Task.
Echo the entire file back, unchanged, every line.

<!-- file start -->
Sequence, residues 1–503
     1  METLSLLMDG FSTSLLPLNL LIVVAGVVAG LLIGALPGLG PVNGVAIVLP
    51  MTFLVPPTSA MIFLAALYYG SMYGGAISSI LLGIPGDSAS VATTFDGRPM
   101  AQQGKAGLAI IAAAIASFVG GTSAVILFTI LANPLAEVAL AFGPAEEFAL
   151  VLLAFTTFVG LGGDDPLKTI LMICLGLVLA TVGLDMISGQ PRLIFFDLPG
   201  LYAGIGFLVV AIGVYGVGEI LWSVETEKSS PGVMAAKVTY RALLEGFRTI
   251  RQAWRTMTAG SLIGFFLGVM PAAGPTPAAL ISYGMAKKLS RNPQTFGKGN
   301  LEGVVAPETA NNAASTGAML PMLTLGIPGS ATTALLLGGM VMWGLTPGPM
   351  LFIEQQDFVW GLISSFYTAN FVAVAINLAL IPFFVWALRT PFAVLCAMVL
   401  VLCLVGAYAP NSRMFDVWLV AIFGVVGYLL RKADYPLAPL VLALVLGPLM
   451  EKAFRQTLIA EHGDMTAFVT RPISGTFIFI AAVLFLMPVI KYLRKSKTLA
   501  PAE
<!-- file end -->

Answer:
Sequence, residues 1–503
     1  METLSLLMDG FSTSLLPLNL LIVVAGVVAG LLIGALPGLG PVNGVAIVLP
    51  MTFLVPPTSA MIFLAALYYG SMYGGAISSI LLGIPGDSAS VATTFDGRPM
   101  AQQGKAGLAI IAAAIASFVG GTSAVILFTI LANPLAEVAL AFGPAEEFAL
   151  VLLAFTTFVG LGGDDPLKTI LMICLGLVLA TVGLDMISGQ PRLIFFDLPG
   201  LYAGIGFLVV AIGVYGVGEI LWSVETEKSS PGVMAAKVTY RALLEGFRTI
   251  RQAWRTMTAG SLIGFFLGVM PAAGPTPAAL ISYGMAKKLS RNPQTFGKGN
   301  LEGVVAPETA NNAASTGAML PMLTLGIPGS ATTALLLGGM VMWGLTPGPM
   351  LFIEQQDFVW GLISSFYTAN FVAVAINLAL IPFFVWALRT PFAVLCAMVL
   401  VLCLVGAYAP NSRMFDVWLV AIFGVVGYLL RKADYPLAPL VLALVLGPLM
   451  EKAFRQTLIA EHGDMTAFVT RPISGTFIFI AAVLFLMPVI KYLRKSKTLA
   501  PAE